Contract disputes delay Pier A opening


BY Michael Mandelkern

Isolated at the southernmost tip of Manhattan, Pier A has weathered cracks and leaking water and has been vacant for over 20 years. The Battery Park City Authority foresaw a makeover by early next year with an accompanying plaza and possible surplus, but the loss of two contractors has resulted in some budget uncertainty and will lead to a possible four-month delay for the project.

McGowan Builders, the B.P.C.A.’s previous general contractor, upped its asking price from $5.2 million to $6.9 million in the midst of the project. The company left on May 5 because the B.P.C.A. refused to renegotiate.

“It was simply a matter of that the contractor hadn’t taken our contract to their legal counsel,” said Gwen Dawson, vice president of strategic planning for the B.P.C.A. “I have no reason to think they did this intentionally…certainly nothing hostile.”

Interested parties have until July 30 to apply for the now-vacant general contractor position.

The B.P.C.A. dismissed its old construction manager, phbCatalystgroup, just two days before McGowan Builders left. The construction manager “was apparently not sufficient,” said Dawson, citing a lack of resources and manpower.

Realizing the B.P.C.A. would have to invest more than originally planned, phbCatalystgroup was paid for the hours it served and was relieved of its duties on May 3.

LiRo Group, a construction services company, swiftly replaced phbCatalystgroup and “there wasn’t a delay,” said Dawson.

According to James Cavanaugh, president and chief executive officer of the B.P.C.A., the new contract is “slightly more expensive” than the previous one. And unlike the first time the B.P.C.A. issued a general contractor bid, it is now more familiar with Pier A’s infrastructure.

The LiRo Group, phbCatalystgroup and McGowan Builders all declined to comment.

Despite two subsequent contract disputes, the B.P.C.A. still has enough of its $30 million grant from the New York City Economic Development Corporation to renovate Pier A.

“We’re not in any jeopardy at all…we’re below budget,” said Dawson, who emphasized that there is still money left in the project’s contingency fund.

Cavanaugh said he is “well confident” that $30 million is enough to fund the Pier A restoration, which has been pushed back from next April to late Summer 2011.

During a full B.P.C.A. board meeting on July 20, Fernando Mateo, a recently appointed B.P.C.A. board member, expressed skepticism over the business relationship with McGowan Builders. “I was just concerned… I questioned the practice of how the contract was awarded,” he said days after the meeting.

He wondered how the B.P.C.A. couldn’t sense that McGowan Builders’ bid was suspiciously low, asking Anthony Woo, the B.P.C.A.’s vice president of construction, how it didn’t “raise a flag.” Woo defended the decision, pointing out that McGowan Builders had “good references” and a clean history.

Cavanaugh backed Woo. “It is not at all uncommon process to reject a low bid. But sometimes you don’t see it,” said Cavanaugh.

“The bid from McGowan wasn’t grossly out of line,” added Dawson after the meeting. “Everything is always a learning experience.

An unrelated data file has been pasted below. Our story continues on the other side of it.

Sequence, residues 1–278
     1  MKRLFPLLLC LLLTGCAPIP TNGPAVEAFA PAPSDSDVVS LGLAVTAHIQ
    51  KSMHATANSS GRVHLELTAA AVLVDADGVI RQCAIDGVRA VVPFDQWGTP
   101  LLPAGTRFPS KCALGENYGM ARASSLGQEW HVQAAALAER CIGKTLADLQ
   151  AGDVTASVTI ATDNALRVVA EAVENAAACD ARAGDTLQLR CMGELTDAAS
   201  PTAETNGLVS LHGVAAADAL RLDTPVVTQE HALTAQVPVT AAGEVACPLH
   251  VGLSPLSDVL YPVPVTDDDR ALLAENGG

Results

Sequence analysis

But we took the appropriate steps and [acted quickly],” said Dawson.

The B.P.C.A. didn’t originally plan on building a plaza to surround Pier A until a few months ago when it set $4 million aside to formulate a blueprint for the plaza under the assumption there would be savings. But the B.P.C.A. may have to reprioritize.

At this point it is “way too early” to predict the size and appearance of plaza, said Cavanaugh. Although Pier A might be restored by next year, the plaza is uncertain.

“The most important thing is to restore [Pier A] and get a good tenant that will animate it,” emphasized Cavanaugh.

Cavanaugh said lacking a general contractor right now is “not critical” to renovations since the B.P.C.A. has a construction manager. But a general contractor is needed for the final phase of restoration, which includes plumbing, fire protection work and exterior alterations. Pier A will look “very much like it does today,” said Cavanaugh, but more sturdy.

Pier A won’t be open to the public until a vendor sets up shop, another indefinite timetable, although Dawson expects it to be a public site for the first time in 2012, depending on how long the vendor takes to move in.

The B.P.C.A. began issuing requests for qualifications to interested tenants last November with a February deadline. Applicants were asked to provide supplemental information in June and the B.P.C.A will choose a vendor sometime this fall.

The Department of Docks and Harbor Police ran Pier A from 1884 to 1886. The Fire Department of New York took over in 1964. Pier A’s historic clock, which was installed in 1919, is a memorial to fallen World War I soldiers.

Linda Belfer, chair of Community Board 1’s Battery Park Committee, said she hasn’t formally been briefed on Pier A in over two months. Her committee may not be addressed until September.

“This will affect us more than anyone else. Our reactions tend to be foreshadowing of how the outsiders and tourists will react,” she said. “Right now it’s extremely barren, nothing is happening there [the space between West Thames and Pier A]…it’s really ugly.”

Belfer hopes the plaza will have a seating area, assorted greenery and be suitable for both recreational and active play.

“In the back of everybody’s mind…the allocation [$30 million Pier A budget] wasn’t enough,” said Belfer in reference to the contract disputes. “It’s like kicking yourself in the behind.”

t the renovation projects.